If you're not angry, then you're not caring hard enough.
You know that on Easter, I enjoy watching The Ten Commandments starring Charlton Heston.* I own a copy on popular DVD format. (Two discs, plus the bonus features I will likely never watch.) The movie runs for 220 minutes. Watching The Ten Commandments requires a full 15% of your entire Easter.
Such devotion compels me to contemplation. I study Heston’s performance and note the similarities of his roles. For example Charlton Heston spends a tremendous amount of screen time without a shirt, and often in some form of bondage. Take three of his more famous movies: Ben Hur, The Ten Commandments, and Planet of the Apes. See? We love stripping and chaining Charlton Heston. Perhaps it was a bullet point in his studio contract. The pressure on Heston to remain in good bare-chested, chained-up shape must have been enormous.
What strikes me most about The Ten Commandments is the change in Heston’s Moses after communing with God on the mountain. Pre-Burning Bush Moses was dashing and romantic. He was always scrapping with bullies and catching the eye of sex-starved maidens. Sure, he could be annoyingly over-achieving (a brilliant military general and a brilliant engineer?), but at least he didn’t allow his professional interests to impede upon his pillow talk.
Consider one of Heston’s lines to his hot wife just before chatting with the Lord:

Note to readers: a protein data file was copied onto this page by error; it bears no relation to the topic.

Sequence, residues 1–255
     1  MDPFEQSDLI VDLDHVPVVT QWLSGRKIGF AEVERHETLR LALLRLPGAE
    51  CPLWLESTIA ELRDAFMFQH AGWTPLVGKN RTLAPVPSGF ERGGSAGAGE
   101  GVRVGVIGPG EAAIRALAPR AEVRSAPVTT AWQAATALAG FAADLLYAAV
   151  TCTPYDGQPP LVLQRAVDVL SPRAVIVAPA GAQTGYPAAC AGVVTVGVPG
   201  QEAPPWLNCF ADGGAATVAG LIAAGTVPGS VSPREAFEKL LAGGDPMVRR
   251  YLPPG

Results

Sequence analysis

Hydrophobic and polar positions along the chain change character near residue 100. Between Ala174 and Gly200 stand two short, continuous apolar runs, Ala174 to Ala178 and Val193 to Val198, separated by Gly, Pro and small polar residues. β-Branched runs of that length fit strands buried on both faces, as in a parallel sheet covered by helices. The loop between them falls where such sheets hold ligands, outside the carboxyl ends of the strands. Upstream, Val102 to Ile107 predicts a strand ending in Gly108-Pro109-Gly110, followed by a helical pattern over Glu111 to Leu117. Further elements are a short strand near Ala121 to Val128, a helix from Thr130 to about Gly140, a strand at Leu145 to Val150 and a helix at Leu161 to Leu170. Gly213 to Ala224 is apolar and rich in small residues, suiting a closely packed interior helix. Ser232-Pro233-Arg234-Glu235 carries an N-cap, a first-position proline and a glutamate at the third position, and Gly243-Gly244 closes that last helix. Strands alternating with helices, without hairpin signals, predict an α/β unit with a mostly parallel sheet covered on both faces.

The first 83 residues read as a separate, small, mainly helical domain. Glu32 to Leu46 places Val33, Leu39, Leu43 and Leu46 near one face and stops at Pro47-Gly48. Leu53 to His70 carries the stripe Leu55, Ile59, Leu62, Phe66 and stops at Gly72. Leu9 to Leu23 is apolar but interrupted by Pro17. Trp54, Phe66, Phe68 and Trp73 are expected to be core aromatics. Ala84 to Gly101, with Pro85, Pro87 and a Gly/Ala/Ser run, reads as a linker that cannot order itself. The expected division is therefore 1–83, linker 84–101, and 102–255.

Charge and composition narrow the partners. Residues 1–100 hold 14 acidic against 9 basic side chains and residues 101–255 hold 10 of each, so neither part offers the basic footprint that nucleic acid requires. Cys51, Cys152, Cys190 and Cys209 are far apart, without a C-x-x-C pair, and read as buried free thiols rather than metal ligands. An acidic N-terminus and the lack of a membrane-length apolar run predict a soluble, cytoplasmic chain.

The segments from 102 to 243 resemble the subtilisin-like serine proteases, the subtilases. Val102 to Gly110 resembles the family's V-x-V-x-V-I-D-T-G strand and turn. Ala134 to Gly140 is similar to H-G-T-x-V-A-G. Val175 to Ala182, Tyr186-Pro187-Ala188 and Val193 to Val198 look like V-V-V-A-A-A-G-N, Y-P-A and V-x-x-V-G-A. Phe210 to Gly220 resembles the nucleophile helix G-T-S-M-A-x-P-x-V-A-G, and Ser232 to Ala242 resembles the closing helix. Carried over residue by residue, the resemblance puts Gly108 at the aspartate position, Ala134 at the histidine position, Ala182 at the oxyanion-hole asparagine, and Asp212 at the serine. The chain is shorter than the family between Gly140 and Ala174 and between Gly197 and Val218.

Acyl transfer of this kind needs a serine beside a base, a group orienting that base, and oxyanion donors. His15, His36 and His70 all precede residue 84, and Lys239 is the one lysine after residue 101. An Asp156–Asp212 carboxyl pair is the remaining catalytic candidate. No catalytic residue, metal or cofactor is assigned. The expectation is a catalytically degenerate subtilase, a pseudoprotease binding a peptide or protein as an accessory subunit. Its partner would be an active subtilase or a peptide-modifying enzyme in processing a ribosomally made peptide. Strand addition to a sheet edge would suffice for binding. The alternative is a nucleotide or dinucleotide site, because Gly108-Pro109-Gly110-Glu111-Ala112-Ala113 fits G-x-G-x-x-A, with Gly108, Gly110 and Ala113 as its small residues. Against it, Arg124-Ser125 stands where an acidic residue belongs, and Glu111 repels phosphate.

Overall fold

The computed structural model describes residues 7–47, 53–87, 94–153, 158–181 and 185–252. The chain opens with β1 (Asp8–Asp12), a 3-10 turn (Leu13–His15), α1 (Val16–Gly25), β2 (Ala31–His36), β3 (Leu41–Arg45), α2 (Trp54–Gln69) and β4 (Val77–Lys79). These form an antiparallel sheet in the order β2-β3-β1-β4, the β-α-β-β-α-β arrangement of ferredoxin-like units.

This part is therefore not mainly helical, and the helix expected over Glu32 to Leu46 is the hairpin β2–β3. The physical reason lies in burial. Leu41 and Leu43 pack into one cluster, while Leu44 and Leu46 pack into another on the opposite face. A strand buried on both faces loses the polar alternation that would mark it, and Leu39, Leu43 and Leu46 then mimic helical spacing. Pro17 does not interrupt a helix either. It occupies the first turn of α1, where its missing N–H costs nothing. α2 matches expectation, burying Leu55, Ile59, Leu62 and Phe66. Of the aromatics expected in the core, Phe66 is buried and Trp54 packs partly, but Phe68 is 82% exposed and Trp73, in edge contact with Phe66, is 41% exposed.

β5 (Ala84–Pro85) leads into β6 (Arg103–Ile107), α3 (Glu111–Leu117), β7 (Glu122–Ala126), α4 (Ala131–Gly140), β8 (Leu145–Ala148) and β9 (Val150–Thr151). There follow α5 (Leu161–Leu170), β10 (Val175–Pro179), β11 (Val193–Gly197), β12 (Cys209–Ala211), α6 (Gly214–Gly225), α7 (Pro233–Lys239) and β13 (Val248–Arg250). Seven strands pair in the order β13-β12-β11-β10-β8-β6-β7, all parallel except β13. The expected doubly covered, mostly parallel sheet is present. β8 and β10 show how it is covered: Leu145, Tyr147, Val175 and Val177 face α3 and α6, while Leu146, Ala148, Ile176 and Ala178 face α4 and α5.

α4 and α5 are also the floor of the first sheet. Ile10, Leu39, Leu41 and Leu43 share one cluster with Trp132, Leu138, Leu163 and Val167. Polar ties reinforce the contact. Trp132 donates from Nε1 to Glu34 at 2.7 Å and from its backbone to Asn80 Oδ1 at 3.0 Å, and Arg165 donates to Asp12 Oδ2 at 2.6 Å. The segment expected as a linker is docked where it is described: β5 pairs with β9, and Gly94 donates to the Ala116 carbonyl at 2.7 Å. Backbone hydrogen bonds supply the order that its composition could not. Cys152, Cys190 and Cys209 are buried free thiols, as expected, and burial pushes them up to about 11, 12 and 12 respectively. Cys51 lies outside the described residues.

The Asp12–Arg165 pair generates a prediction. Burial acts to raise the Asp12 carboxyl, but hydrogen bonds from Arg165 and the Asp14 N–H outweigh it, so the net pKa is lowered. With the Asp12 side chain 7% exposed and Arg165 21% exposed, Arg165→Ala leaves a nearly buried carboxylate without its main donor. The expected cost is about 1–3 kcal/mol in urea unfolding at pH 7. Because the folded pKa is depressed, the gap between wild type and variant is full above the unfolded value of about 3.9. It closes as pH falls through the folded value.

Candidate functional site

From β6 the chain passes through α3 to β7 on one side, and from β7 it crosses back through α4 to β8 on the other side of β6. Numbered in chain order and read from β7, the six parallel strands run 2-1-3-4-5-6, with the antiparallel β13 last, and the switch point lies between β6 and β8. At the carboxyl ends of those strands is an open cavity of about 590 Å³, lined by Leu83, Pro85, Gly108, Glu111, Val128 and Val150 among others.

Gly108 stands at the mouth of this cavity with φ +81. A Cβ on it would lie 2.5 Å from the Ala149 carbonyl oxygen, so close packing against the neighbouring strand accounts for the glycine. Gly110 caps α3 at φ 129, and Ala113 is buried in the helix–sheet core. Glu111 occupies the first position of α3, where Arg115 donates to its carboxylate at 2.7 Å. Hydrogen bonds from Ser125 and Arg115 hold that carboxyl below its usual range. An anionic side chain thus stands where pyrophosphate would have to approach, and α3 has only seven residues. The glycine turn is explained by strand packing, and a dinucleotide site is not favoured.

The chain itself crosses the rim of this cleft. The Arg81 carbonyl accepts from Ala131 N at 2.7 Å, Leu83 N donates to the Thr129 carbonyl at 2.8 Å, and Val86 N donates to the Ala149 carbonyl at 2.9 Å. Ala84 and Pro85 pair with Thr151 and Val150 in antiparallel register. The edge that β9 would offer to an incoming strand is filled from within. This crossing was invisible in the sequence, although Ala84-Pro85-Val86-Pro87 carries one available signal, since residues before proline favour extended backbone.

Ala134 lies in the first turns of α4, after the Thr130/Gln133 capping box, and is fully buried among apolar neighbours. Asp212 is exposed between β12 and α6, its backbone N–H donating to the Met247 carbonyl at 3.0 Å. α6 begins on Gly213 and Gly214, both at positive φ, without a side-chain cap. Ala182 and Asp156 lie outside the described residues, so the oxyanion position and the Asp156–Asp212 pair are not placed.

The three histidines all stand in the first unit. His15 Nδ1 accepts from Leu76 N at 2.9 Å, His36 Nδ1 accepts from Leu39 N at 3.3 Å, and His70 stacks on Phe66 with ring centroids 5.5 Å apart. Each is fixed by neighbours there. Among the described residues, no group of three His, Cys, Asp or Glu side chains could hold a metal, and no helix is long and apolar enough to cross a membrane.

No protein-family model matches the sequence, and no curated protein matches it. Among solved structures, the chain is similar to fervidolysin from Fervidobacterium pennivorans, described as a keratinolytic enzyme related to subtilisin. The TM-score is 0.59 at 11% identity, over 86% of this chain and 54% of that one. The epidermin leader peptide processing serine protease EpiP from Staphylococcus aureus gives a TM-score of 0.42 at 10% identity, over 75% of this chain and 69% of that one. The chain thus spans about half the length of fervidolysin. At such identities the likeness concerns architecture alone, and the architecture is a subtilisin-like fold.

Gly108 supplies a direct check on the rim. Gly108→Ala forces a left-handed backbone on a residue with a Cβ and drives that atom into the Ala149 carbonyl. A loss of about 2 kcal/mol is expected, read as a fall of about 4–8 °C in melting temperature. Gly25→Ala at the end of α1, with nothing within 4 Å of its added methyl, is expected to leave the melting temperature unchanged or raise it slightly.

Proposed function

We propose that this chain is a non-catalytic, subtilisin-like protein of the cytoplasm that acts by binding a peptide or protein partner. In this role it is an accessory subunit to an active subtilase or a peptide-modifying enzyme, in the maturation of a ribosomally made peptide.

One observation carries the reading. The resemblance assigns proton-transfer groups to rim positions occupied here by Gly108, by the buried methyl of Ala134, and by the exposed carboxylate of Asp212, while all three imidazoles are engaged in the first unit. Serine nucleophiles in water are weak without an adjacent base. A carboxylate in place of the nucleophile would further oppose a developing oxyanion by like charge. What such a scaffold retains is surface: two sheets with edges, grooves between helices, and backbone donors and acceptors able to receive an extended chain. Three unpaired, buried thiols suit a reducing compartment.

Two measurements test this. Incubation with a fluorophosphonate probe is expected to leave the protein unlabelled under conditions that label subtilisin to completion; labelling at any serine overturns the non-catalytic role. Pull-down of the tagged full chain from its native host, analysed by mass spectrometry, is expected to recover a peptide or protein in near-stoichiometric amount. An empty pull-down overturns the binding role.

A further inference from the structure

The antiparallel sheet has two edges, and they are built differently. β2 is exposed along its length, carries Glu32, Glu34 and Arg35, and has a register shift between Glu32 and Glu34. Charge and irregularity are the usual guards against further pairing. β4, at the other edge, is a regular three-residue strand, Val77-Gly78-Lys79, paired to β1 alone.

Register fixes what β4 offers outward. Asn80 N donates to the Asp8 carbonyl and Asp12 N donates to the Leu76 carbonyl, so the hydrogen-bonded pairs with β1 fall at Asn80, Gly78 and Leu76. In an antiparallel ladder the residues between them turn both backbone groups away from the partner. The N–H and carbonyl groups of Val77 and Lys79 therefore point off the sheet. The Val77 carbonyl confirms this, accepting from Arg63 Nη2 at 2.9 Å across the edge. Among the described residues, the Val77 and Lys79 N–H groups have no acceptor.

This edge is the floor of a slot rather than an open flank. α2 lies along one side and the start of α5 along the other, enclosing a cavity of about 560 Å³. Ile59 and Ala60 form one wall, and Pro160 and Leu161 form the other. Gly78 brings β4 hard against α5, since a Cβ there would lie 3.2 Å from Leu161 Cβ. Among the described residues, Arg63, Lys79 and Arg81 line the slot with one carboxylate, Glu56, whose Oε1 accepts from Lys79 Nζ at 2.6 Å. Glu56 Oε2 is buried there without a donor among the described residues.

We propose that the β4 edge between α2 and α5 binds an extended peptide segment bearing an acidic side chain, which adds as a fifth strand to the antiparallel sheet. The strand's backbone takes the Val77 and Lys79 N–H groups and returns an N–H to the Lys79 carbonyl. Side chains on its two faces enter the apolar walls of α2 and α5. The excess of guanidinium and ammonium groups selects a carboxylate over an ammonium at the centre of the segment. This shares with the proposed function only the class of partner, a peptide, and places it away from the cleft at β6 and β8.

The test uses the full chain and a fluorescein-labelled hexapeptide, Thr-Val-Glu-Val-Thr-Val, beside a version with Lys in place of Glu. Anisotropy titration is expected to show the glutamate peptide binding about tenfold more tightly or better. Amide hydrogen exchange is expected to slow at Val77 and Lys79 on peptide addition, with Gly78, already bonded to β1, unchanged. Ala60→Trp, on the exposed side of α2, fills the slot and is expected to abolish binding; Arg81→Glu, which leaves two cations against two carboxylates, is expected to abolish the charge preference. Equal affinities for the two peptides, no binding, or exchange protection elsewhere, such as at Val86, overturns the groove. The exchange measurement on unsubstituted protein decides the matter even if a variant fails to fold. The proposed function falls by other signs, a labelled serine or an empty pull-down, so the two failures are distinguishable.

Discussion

“Your eyes are as sharp as they are beautiful!”
Bear in mind that The Ten Commandments is loaded with similar Shaft-like pearls. Two hours into the film, Heston is sinking these bon mots like routine free throws. You barely even notice. However, this is the last time Heston’s Moses lays on the charm. The fire of God fails to consume the bush, but it successfully purges Heston’s panache.
In fact, Post-Burning Bush Moses might be an accomplished liberator, but he’s a lousy husband. Pressured with the Exodus, the weight of God’s expectations, and with the Egyptian army hot on his heels, you can forgive Moses for being a little distant at the dinner table. But would it kill him to have a coffee with Mrs. Moses every now and then?
You know what would have been nice? Inviting Mrs. Moses to join him on the trip up Mount Sinai. “Let’s take a walk, babe. We’ll pack a lunch, take our time, and lug down God’s almighty law to the Hebrews.” Chicks like that.
Maybe nothing lowers your T more than an important assignment from God. Last thing I want to do is hold hands with the wife and watch Downton Abbey after a hard day of work. But man, you got to power through that shit if you want your marriage to last, Moses. Leave your work at the office.
In the end, God rewards Moses’ sacrifice of the best years of his life by denying him entry into the Promised Land. The particulars aren’t clear: some clerical error involving a rock and water. But maybe that was only the official reason for the permanent file. Maybe God just wasn’t cool with Moses’ fuddy-duddy attitude. Maybe He was like, “Man, we already have Joshua and Aaron bringing down the party with their boring lectures. You just need to bail, Moses.”
You will also note that, after the Burning Bush, Charlton Heston keeps his shirt on for the remainder of the film.
*You likely did not know this